New York's Yankee Stadium To Be "Germ Free" For Years After Chemical Spraying
Industrial hog farm. Image credit:Nicholas D Kristof/NYT.
Yankee fans no longer need worry about being twice bitten by the baseball bug. Yankee Stadium is going to be treated with a biocide called SportsAide 1000 that a supplier states may last for years. Contractors will spray it on all exposed surfaces. A separate formulation goes on team and staff clothing. Apparently, hundreds of other stadia in the USA have been similarly treated. The news comes via UPI, from the story titled New Yankee Stadium to be antimicrobial. We wondered: what is in SportsAide 1000: why slather it all over a major new stadium; and, what's going on? Read on for partial answers.Apparently the main idea behind biocidal stadium spritzing is to suppress "MRSA" (methicillin-resistant Staphylococcus aureus), the anti-biotic resistant, human skin rotting, misery causing, sometimes-fatal, strain of "Staph". The biocidal coating also supposedly reduces odor and ring worm exposure risk.
One distributor's literature for SportsAide 1000 indicates an effectiveness period of a year or so (not three as seen in other reports), at a cost of $2,467 for 1-5 gallon, two-part, application kit. Player health insurance must be steep. Or, they simply can't risk MVPs missing games because of MRSA.
Why do major pro-sport venues and high school gyms now have to be covered with biocidal coatings? Fear of MRSA, to the tune of $500+/gallon to make a sports venue operating-room sterile, surely is a symptom of an underlying cause of great significance. (This is one you can't blame on Climate Change.)
Nicholas D. Kristoff, who writes for the New York Times provided some likely answers as to what is going on in this week's Wednesday column, titled: Our Pigs, Our Food, Our Health
So what's going on here, and where do these antibiotic-resistant infections come from? Probably from the routine use — make that the insane overuse — of antibiotics in livestock feed. This is a system that may help breed virulent "superbugs" that pose a public health threat to us all. That'll be the focus of my next column, on Sunday.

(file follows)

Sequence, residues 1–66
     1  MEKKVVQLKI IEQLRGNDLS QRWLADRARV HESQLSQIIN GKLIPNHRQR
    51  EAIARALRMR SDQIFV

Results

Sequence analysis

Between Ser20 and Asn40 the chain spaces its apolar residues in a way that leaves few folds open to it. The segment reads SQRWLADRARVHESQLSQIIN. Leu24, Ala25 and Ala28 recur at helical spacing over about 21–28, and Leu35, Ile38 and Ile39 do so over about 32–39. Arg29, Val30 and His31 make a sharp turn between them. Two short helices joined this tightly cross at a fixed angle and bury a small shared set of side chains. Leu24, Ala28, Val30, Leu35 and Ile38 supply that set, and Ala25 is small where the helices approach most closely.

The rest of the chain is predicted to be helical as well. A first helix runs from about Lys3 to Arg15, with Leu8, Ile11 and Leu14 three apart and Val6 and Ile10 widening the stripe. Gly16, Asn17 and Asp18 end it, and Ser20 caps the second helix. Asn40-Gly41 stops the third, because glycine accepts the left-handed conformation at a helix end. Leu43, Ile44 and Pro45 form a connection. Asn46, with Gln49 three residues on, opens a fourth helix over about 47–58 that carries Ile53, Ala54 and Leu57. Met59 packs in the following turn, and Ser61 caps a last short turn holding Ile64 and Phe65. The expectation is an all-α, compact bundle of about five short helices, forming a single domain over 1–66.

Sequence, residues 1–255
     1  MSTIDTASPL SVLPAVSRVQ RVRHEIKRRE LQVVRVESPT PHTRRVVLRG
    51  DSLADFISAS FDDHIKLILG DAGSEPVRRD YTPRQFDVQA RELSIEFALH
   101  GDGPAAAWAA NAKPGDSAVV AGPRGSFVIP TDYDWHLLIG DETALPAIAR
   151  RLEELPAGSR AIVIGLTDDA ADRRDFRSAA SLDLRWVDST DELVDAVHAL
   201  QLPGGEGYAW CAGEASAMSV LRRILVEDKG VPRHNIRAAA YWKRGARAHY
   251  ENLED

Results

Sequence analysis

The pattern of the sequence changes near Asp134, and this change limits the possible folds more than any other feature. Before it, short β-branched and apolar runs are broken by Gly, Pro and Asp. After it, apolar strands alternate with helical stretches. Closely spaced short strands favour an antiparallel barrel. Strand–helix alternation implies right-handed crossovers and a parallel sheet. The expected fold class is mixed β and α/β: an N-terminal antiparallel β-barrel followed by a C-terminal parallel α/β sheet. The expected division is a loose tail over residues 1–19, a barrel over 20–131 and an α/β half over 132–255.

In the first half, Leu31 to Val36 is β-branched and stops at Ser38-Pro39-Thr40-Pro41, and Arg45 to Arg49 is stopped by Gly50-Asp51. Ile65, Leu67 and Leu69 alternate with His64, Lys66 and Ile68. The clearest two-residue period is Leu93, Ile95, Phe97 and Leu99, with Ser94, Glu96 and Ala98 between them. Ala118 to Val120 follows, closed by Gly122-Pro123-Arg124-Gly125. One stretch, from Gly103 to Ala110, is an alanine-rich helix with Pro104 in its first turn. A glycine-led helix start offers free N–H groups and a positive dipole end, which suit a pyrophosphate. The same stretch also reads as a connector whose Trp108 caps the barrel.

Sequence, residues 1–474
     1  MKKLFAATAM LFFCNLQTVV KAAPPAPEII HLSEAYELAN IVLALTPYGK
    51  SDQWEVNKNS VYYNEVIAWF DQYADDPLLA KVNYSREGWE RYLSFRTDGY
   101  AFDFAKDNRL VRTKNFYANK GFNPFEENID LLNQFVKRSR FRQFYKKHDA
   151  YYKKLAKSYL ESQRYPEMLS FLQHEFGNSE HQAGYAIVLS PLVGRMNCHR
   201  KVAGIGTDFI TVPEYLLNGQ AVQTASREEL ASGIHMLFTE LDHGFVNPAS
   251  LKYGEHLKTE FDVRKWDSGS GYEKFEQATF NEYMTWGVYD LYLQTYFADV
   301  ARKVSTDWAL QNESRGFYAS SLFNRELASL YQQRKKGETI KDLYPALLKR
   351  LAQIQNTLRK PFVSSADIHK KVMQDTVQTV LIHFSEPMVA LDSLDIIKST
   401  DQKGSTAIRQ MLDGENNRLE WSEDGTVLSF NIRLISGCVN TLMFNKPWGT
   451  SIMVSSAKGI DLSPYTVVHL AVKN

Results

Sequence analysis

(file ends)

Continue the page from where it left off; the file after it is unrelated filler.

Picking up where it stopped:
The material safety data sheet (MSDS) prepared by the cited product's original formulator, Coatings Specialist Group, of Rochester Hills, MI, USA, lists the main ingredient in SportsAide 1000 as Octadecylaminodimethyltrihydroxy-silylpropyl Ammonium Chloride.
From the illustration provided on the biocidal product distributor's website, it looks as if an organic chain that performs a biocidal functional is bound to silane compound that in turn bonds with objects and building surfaces. There are many similar organo-silane coatings on the market; for example:
Patents Online shows a similar product formulated for skin application!
United States Patent 6613755
Abstract:(You definitely don't want silane solution meant for building surfaces on your skin before the curing is complete, as organo-silanes can be quite irritating.) Various other organo-silane formulations are also being promoted to suppress toxic mold growth in buildings.
A method for application to the skin of aqueous compositions containing antimicrobial organosilane quaternary ammonium compounds, which remain on the skin, are substantive to it and reduce or eliminate bacteria, viruses and fungi present and prevent future contamination by their presence and substantive character. All formulations are aqueous solutions which may be scented and/or colored and all contain a water soluble, organosilicon quaternary ammonium compound or mixture thereof; specifically 3-(trimethoxysilyl)-propyloctadecyl-dimethyl ammonium chloride or 3-(trimethoxysilyl)propyldidecylmethyl ammonium chloride and the trisilanol, polysiloxanol and water soluble polysiloxane derivatives thereof.
Being that this type of spray is a pesticide, by USEPA's criteria, and is considered toxic to aquatic organisms, spray applicators must ensure that none runs into waterways. Rain would call that game.
Presumably the treatment will be repeated every few years at significant expense. How does one know when it's time to repeat? No answer for that one.
Apologies in advance to Yankee fans. I was not trying to infer with the photo that your new digs are like a pig sty. The idea was to get you thinking past symptoms and about the real cause of the MRSA issue.